Cloud as we know it today was born out of the need to provide flexible IT for organisations as they grow. The current largest Public Cloud provider, AWS, was created as a spin off from its core business, which was experiencing a period of rapid growth as it expanded its services from selling books to becoming the largest online retailer. Microsoft Azure and Google Cloud were also in effect ‘spin offs’ from the service model they each used to provide online ‘Software as a Service’ Office tools like Word Processors, Presentation software and collaborative tools.
So why is cloud so pervasive? What is driving the move to Cloud and how can you leverage it?
All Cloud computing is supported by four underlying principles:
Because of these basic principles, the term ‘As a Service’ has become commonplace. Software as a Service (SaaS), Platform as a Service (PaaS) and Infrastructure as a Service (IaaS) are commonly spoken about. The principles are simple – you consume the service you need, when you need it, and pay monthly.
Over the past ten years, IT companies have used the Principles of Cloud Computing to build some now very common delivery models. The most common – Public Cloud – grew out of the large Software as a Service models that Microsoft and Google offered, where underlying hardware is pooled, and pricing reflects the economies of scale.
There are now literally hundreds if not thousands of ‘As a Service’ offerings from Software to desktop to security – almost any IT service you can image can be offered from a shared environment using an ‘As a Service model’.
However, some organisations aren't comfortable putting their mission critical IT systems in a shared environment. They want a level of separation to guarantee security. So, Private Cloud was born.
It uses the same underlying principles as Public Cloud, but ensures that organisations have discrete or highly segregated hardware that is dedicated to running their workloads. Your organisation can still forget about the hardware and focus on the service.
As with everything, no one-size-fits-all and some scenarios could make use of both Public and Private Cloud and so the Hybrid Cloud model was born.
This uses elements of both the public and private cloud models to build the most cost-effective solution possible. Why run systems to manage your own office software (Word processor, presentation software etc.) when it's available ‘as a service’ from the public environment?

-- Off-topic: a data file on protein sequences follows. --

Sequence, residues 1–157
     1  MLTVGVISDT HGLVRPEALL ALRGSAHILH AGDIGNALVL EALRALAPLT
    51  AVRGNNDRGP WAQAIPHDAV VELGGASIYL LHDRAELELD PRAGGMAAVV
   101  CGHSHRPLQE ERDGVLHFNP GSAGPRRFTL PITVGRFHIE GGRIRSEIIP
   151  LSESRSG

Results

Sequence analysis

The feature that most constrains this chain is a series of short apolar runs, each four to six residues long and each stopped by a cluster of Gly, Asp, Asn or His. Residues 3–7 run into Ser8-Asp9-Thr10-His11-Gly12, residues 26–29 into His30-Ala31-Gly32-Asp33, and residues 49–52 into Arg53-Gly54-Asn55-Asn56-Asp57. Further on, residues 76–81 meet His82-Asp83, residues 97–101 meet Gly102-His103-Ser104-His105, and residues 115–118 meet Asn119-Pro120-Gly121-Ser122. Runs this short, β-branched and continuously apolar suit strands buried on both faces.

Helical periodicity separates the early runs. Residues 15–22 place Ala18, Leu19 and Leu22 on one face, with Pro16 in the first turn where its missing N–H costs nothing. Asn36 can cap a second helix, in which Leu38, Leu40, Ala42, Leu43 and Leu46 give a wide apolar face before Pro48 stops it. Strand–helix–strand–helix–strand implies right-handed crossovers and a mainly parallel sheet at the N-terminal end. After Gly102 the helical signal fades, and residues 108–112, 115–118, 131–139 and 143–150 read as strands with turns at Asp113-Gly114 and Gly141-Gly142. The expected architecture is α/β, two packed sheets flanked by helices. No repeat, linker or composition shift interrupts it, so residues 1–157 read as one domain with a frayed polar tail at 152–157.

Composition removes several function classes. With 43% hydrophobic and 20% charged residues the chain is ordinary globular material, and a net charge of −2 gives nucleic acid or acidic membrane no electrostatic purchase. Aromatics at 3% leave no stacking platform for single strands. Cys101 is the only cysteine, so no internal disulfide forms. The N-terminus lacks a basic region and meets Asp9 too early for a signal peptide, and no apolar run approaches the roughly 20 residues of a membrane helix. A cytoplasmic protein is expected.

But equally, you might want to keep your data in a dedicated environment or need to run a legacy application.
The final model, Community Cloud, is the least common model spoken about, unless you start digging deeper into the world of public sector or larger corporate environments.
Some large organisations might have several discrete ‘businesses’ operating under a single corporate entity, or a public organisation might run a range of services for citizens. Why build separate IT systems for each business?
Aggregate the IT and manage as one entity. This reduces the cost of operation and creates a community of users with broadly similar aims but potentially diverse operational needs.
What does this mean for your organisation? Pooling hardware under the cloud model reduces the price you pay and allows you to be innovative and offer services at a competitive price point – great for running your business.
But security is always paramount and growing securely is also key.
What about things that are outside of the norm, such as edge cases - things that are unique to your business model through legacy approaches? How do you work with computing scenarios that don’t fit the ‘As a Service’ model?
Our SysCloud Enterprise Platform supports multi-models and is especially good at supporting edge cases.
At one level SysCloud offers highly competitive IaaS and PaaS services. We even support organisations to run SaaS services for their customer using SysCloud hosted infrastructure. We can seamlessly interconnect to the Public Cloud SaaS environments and even combine other specialist ‘As a Service’ offerings into a single service.
But what if you want to host some legacy applications that need their own dedicated physical hardware? What if you want to collocate hardware somewhere secure and then manage it yourself whilst also having some IaaS, leveraging the M365 or GSuite SaaS offerings? Not so simple to do in the Public Cloud...
You can’t ring up Microsoft or AWS and ask them to put some physical hardware in a rack in their datacentres – who would you call anyway? The deeper you go into edge cases, the less effective the Public Cloud providers become. They build their models on economies of scale which in turn do lead to a degree of needing you to conform.
At SysGroup, we continue to build out our SysCloud environment to support IaaS, PaaS and a multitude of edge cases.
We love taking complex solutions with multiple elements and architecting that into simple to manage services.
We locate our core hardware in the same datacentres as the Public Cloud providers, with the same levels of security and resilience. We continue to build out our georedundant architecture to ensure that no single failure causes customer issues. We also have our own 24/7/365 support teams that are on call to all of our customers.
Moving to the Cloud is a complex journey. Spinning up an M365 tenancy or GSuite environment with some associated online storage is one thing, but when it comes to integrating legacy services with new services, being ready for growth, adapting to a pandemic or whatever scenarios are next, then SysCloud offers a viable way of staying on top of your IT.
At the core of Cloud is cost effective aggregation of hardware utilisation and passing those savings on to the end user as effectively as possible. For your organisation this can mean:
Why don't you see how SysGroup can help?